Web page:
Fat Rice. Bring at least two hungry friends to this wildly popular, no-reservations Macanese restaurant before taking on the arroz gordo (literally, fat rice), the restaurant's signature dish. I liken it to paella on steroids; a base of sofrito rice and a rich broth supports a protein parade of shredded duck, Chinese pork-liver sausage, linguica sausage, chicken thighs, char sui pork, clams, spicy prawns, hard-boiled eggs and a few other things I'm forgetting. The only disadvantage to this dish is that it will leave you too full to explore the rest of the menu's delights. 2957 W. Diversey Ave., 773-661-9170
Perry's Steakhouse. The signature dish at this steakhouse chain (which reached the Chicago market in late 2013) isn't even a steak (though the steaks are terrific here). It's a monstrously large, slow-smoked pork chop, which arrives in all its 6-inch-tall glory before being deftly sliced for your convenience. Here's a dish you can pass around a table of six without fear. Desserts are predictably hefty as well, and the tableside-flaming desserts (bananas foster, among them), while not marketed as shareable, have all the romance (and caloric impact) of a dessert for two. 5 Oakbrook Center, Oak Brook, 630-571-1808
Sabatino's. "We don't skimp on portions," says co-owner Angelo Pagni, in the understatement of the year, about his 36-year-old, Northwest Side institution. Everything in this venerable restaurant is designed to satisfy; the dishes designed for two include chateaubriand, rack of lamb and the Continental classic, steak Diane, cooked tableside with the requisite flambe finish. The steak Diane runs $54 but is made with two hefty New York strip steaks (closely trimmed), and, like all entrees here, includes soup, salad and potato (or pasta). Strolling musicians add to the romantic charm. As for desserts for two, flaming cherries jubilee is a classic, and bananas Foster is so popular, Pagni says, "we buy bananas by the case, and that's the only thing we use them for." 4441 W. Irving Park Road, 773-283-8331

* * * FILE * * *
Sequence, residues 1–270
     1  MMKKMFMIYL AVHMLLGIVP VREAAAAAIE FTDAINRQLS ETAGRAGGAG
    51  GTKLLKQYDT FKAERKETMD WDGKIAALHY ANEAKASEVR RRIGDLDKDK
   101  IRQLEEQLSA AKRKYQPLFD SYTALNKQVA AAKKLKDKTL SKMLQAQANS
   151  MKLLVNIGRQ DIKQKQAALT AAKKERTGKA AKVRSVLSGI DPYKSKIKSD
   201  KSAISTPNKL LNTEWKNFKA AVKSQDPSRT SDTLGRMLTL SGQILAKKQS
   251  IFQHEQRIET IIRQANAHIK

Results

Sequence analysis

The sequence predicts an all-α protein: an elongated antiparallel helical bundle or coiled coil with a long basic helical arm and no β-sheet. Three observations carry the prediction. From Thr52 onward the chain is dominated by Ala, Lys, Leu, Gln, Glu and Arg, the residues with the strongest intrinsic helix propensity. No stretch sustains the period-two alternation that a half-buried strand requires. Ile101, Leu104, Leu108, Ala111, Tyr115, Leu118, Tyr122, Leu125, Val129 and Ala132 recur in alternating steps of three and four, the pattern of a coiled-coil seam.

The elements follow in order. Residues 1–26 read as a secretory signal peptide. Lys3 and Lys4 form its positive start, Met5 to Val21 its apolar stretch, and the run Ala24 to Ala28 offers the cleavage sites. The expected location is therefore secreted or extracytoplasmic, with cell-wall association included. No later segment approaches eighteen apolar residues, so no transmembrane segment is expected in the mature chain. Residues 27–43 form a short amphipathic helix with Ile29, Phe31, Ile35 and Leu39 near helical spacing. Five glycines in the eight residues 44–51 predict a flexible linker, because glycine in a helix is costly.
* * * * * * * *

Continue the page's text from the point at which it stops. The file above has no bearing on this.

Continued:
But you probably saw him, a regular part of your life maybe on some Saturdays, or at the very least you looked through him.
He was the guy standing on the concourse monitoring access to the press box elevator, a fixture at the Coliseum since 1967.
He worked hundreds of football and basketball games and saw none of them. His job, as with so many others in the background, was to make sure everyone else saw the game without a problem.
Ordinarily I deal with the people who count in the public eye, the ones who can be quoted in the newspaper like the players scoring touchdowns or the coaches who have all the answers.
But Jack also worked at the Rose Bowl, a shining star as far as I was concerned, because sometimes he was the only friendly face I could count on at a UCLA game.
Loved the guy, one of those friendly people you run into all the time, but darn if I didn't know his name for nearly 20 years.
“Did you know Jack's wife died?” someone said as I entered the Coliseum elevator six years ago, and that's how I came to know his first name.
I learned Jack's last name when we talked about his wife, Mina. She had run the Rose Bowl elevators.
I probably rode with her many times, but I could not place her and felt badly that I couldn't tell him what a sweetheart she had been. He seemed to already know.
I asked how long he had been married.
He replied without hesitation, “58 years, four months and four days.”
Then he gave me one of the best quotes I have ever heard in 40 years of doing this.
“She was the best wife I ever had,” Jack said.
It was the perfect blend of wit, love and Jack. And once I knew his name we became even closer strangers.
Jack always wanted to shake hands like someone who really wanted to say hello. And he liked to tease or toss in a crusty opinion.
If you wished to get a rise out of him, as a columnist might, you just had to say something nice about Ben Howland. And the fight was on.